Dactylorhiza praetermissa - Southern Marsh-orchid

Phylum: Magnoliophyta - Class: Liliopsida - Order: Orchidales - Family: Orchidaceae

Dactylorhiza praetermissa - Southern Marsh-orchid

Above: Dactylorhiza praetermissa in Kenfig NatureReserve in South Wales, in late spring.

Notoriously difficult to identify with confidence, this orchid is widespread within its range and it can form large colonies when growing in ideal habitats.


The Southern Marsh-orchid typically grows to between 30and 50cm in height, although taller specimens up to 70 cmcan occur. The leaves are generally unmarked, and the flowers vary considerably in colour from dark pink to a much paler pink; the markings on the lips of the flowers also vary considerably.

Difficult to distinguish from, among others, the NorthernMarsh-orchid Dactylorhiza purpurella, the lip of the Southern Marsh-orchid isgently rounded and slightly folded back; its flowers are generally larger, and the lip of the Northern Marsh-orchid ismore angular. Southern Marsh-orchid is also confused with Early Marsh-orchid Dactylorhiza incarnata and they frequently occur in the same habitats. To add to the confusion Southern Marsh-orchid also hybridises with other Dactylorizha species, and hybrids between Dactylorhiza praetermissa and Dactylorizha fuchsii (Common Spotted-orchid) are most often revealed by their faintly spotted leaves.

Pale flowered Dactylorhiza praetermissa - Southern Marsh-orchid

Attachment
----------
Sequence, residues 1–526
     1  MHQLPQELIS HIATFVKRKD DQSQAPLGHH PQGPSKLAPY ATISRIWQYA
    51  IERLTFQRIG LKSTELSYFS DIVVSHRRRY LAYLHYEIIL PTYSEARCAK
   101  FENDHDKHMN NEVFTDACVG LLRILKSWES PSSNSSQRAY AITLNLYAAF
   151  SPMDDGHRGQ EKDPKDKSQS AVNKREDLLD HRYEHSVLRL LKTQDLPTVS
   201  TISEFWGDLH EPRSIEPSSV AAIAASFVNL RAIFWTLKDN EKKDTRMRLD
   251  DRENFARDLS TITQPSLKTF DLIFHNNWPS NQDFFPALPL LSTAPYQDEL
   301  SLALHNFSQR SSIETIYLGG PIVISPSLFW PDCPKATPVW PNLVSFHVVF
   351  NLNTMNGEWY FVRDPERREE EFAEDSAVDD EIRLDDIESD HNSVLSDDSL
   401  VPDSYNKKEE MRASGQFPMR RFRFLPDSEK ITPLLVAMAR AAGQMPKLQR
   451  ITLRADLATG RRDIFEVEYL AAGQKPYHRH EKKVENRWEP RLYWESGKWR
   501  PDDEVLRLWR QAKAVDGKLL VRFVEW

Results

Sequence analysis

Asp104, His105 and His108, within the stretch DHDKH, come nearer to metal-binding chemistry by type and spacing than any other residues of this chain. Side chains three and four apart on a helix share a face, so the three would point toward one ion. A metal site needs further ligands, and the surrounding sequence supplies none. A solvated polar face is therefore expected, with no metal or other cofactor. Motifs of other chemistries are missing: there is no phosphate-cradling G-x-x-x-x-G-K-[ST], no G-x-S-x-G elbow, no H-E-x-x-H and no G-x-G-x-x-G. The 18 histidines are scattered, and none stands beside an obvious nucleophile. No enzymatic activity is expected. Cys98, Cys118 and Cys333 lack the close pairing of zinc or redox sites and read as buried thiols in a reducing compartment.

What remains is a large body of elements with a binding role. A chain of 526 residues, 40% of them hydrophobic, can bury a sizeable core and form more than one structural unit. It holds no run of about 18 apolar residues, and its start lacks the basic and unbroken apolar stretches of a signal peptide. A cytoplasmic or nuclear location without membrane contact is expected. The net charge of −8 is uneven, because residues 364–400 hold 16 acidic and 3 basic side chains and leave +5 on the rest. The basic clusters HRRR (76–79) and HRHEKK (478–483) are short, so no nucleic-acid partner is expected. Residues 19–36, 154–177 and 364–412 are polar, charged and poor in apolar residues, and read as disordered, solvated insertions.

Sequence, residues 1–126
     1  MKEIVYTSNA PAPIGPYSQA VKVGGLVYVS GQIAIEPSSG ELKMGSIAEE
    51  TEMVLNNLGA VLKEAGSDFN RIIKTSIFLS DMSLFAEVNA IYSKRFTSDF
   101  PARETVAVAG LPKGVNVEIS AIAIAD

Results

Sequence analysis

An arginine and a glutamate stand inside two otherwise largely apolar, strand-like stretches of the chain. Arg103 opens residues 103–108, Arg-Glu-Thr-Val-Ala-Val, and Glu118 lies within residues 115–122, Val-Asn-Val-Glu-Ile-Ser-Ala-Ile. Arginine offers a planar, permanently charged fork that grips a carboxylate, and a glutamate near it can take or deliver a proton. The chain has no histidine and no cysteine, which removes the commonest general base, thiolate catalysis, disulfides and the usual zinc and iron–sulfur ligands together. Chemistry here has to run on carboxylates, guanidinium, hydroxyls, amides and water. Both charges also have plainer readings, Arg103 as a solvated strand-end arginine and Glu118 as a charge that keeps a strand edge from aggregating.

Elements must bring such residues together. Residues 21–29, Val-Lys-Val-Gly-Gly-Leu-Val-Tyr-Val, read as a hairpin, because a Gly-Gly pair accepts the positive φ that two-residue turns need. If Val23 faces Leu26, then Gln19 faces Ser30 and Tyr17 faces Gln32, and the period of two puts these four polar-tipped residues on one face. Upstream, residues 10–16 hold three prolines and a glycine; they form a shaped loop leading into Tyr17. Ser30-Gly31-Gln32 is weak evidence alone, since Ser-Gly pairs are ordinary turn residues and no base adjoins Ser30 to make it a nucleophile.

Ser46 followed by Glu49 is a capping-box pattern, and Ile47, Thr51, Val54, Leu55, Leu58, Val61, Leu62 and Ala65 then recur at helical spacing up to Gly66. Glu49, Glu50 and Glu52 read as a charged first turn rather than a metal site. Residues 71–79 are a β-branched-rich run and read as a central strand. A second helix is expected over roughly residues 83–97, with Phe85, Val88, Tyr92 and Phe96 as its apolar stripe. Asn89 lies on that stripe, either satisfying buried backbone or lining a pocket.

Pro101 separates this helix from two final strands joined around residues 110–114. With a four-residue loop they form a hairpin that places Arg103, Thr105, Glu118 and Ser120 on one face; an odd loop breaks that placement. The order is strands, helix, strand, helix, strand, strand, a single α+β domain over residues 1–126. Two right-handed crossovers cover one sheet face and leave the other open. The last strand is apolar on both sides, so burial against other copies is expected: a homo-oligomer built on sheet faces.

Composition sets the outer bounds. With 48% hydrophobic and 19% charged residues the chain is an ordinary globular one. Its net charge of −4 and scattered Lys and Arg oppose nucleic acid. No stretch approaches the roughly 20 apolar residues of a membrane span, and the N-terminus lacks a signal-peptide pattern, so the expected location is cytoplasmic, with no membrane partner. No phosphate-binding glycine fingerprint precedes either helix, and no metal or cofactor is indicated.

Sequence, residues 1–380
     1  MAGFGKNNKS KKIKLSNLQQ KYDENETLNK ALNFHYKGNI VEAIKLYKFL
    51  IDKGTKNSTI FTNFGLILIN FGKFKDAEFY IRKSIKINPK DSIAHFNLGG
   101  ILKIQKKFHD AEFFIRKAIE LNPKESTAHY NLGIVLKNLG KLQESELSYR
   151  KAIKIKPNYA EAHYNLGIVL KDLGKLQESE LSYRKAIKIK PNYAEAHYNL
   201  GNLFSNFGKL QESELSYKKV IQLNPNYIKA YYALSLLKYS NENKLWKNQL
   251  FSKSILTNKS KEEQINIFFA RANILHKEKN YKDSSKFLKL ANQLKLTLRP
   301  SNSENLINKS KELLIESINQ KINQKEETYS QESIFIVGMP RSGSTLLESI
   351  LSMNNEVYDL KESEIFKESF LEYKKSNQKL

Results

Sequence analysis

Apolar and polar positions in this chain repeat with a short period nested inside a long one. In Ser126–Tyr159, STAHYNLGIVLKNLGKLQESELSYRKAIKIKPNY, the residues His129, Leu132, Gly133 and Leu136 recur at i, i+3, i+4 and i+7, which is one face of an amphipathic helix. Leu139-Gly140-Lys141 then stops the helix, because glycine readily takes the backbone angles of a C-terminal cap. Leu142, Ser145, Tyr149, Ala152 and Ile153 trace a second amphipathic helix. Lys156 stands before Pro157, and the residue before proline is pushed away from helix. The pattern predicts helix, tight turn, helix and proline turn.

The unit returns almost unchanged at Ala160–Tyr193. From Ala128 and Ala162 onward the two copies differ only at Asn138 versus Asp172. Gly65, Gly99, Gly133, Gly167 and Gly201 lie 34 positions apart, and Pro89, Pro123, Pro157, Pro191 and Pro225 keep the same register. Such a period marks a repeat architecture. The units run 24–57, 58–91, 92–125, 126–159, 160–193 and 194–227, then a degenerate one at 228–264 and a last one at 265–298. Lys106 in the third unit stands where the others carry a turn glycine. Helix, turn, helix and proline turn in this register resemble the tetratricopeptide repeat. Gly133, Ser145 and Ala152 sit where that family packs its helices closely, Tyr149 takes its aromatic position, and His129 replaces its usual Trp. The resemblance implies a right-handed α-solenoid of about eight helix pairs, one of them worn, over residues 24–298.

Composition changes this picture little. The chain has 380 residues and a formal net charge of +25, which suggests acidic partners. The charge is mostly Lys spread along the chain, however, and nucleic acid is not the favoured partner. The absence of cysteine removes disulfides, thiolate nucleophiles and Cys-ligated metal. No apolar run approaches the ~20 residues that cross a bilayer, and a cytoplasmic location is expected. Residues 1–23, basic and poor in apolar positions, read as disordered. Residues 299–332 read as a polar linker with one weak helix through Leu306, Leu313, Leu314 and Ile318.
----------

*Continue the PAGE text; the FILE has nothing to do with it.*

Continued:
A pale pink-flowered example of the Southern Marsh-orchid


Southern Marsh-orchid is widely distributed in the southern half of the UK. In mainland Europe is it confined to the more northern countries with an Atlantic coastline.


Southern Marsh-orchid is a chalk-loving species and grows in damp alkaline meadows and in sand dune slacks in full sunshine. Although often thought of as a coastal species, Southern Marsh-orchid does grow inland too and can be found in damp meadows and on river banks thoughout its range. In Wales, for instance, Southern Marsh-orchid is a special feature of the Elan Valley Estate, where it grows in riverside grassland and other wet meadows.

Flowering times

Southern Marsh-orchids flower from late May until the end of July.

Hybrids and Varieties

Dactylorhiza praetermissa
var. albiflora has white flowers and is rare.
Dactylorhiza praetermissa
var. macrantha has large flowers on a lax spike and its flower lips have a larger central lobe; it is found with Narrow-leaved Marsh-orchid Dactylorhiza traunsteinerioides and could be an intermediate between the two species.
Dactylorhiza praetermissa var. bowmanii is a slender plant with narrower and fewer leaves and is sometimes confused with Narrow-leaved Marsh-orchid Dactylorhiza traunsteineriodes; it has been reported from Hampshire and Dorset.
Dactylorhiza x grandis is a hybrid with the Common Spotted-orchid Dactylorhiza fuchsii; it is common.
x insignis is a hybrid with Northern Marsh-orchid Dactylorhiza purpurella and is recorded in Wales.
x wintoni is a hybrid with Early Marsh-orchid Dactylorhiza incarnata;it is rare.
x hallii is a hybrid with Heath Spotted-orchid Dactylorhiza maculata and is much less common than Dactylorhiza x grandis, the hybrid with Common Spotted-orchid.


The genus name Dactylorhiza means 'finger-like roots', while the specific epithet praetermissa means 'neglected', in the sense of overlooked.

Reference sources

The Plant List

Sue Parker (2023) Wild Orchids of Wales - how, when and where to find them; First Nature e-book (Amazon Kindle format)

Anne and Simon Harrap (2005) Orchids of Britain and Ireland; A&C Black

Pierre Delforge (2005) Orchids of Europe, North Africa and the Middle East; A&C Black

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